format, concat Macro Examples
This page was last reviewed on May 17, 2024.
Dot Net Perls
Format. How can we copy a formatted string containing other values like integers and arrays into a byte vector? In Rust this can be done with the format and concat macros.
While println can write formatted data to the console, we sometimes want to store this output in a String or byte vector. We can use format to create the string, and then copy it.
Example. This Rust program creates some strings containing formatted data. It then copies these strings to a byte vector and prints the vector the console.
Part 1 We use the "format!" macro here. The integer 10 and the array (with 3 values) is inserted into the string literal.
Part 2 If we have only constant values, we can use the concat macro. This creates a string containing the specified parts.
Part 3 A key benefit of format and concat is that we can save the output and copy it. Here we copy the strings to a byte vector.
Vec extend from slice
fn main() { // Part 1: use format macro with an integer and an array. let value = 10; let value2 = [1, 2, 3]; let result = format!("Value is {} and value2 is {:?}", value, value2); println!("{}", result); // Part 2: use concat macro with constants. let result2 = concat!("Value is ", 100, " and value2 is ", 200); println!("{}", result2); // Part 3: copy the results to a byte vector. let mut copy = vec![]; copy.extend_from_slice(result.as_bytes()); copy.extend_from_slice(b"..."); copy.extend_from_slice(result2.as_bytes()); println!("{}", String::from_utf8_lossy(&copy).to_string()); }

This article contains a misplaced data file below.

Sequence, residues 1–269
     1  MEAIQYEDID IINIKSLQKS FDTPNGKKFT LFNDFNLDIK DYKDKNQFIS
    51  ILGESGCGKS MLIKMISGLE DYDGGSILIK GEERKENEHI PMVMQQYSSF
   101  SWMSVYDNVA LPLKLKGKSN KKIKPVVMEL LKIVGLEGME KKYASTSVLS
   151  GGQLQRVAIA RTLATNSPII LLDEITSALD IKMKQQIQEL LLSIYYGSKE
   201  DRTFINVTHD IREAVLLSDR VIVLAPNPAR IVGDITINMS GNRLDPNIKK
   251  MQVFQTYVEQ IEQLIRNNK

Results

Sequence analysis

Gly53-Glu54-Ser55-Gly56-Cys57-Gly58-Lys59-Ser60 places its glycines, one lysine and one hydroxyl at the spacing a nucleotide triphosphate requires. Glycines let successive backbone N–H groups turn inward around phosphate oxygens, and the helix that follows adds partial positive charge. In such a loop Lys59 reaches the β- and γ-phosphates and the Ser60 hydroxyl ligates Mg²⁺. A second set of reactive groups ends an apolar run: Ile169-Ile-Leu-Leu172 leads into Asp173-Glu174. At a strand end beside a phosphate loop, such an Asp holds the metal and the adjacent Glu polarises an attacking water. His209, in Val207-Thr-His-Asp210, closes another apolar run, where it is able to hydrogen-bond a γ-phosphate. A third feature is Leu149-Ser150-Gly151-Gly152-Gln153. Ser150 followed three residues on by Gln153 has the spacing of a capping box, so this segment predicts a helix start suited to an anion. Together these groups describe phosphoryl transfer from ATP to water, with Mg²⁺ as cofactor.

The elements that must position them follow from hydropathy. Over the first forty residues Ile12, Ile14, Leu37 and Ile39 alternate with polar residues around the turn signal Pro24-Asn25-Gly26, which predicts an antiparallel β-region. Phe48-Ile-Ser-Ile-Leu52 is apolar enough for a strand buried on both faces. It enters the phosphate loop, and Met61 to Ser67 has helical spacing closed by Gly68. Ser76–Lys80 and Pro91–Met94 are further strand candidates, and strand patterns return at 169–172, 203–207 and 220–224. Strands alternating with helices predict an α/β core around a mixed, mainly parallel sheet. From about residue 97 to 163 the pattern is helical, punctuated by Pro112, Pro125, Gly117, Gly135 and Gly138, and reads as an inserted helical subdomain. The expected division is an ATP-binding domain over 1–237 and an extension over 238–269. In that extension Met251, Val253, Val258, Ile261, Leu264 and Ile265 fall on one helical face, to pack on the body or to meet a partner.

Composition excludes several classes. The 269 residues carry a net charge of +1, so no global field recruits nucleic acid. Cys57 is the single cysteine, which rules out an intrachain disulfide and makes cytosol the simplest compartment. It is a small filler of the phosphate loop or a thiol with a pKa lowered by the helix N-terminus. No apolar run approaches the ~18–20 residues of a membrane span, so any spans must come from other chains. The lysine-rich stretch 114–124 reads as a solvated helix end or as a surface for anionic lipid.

Value is 10 and value2 is [1, 2, 3] Value is 100 and value2 is 200 Value is 10 and value2 is [1, 2, 3]...Value is 100 and value2 is 200
Summary. With the format and concat macros, we have an alternative to println. With these macros, we can store the resulting String, and use it elsewhere (or later) in our Rust program.
Dot Net Perls is a collection of tested code examples. Pages are continually updated to stay current, with code correctness a top priority.
Sam Allen is passionate about computer languages. In the past, his work has been recommended by Apple and Microsoft and he has studied computers at a selective university in the United States.
This page was last updated on May 17, 2024 (new).
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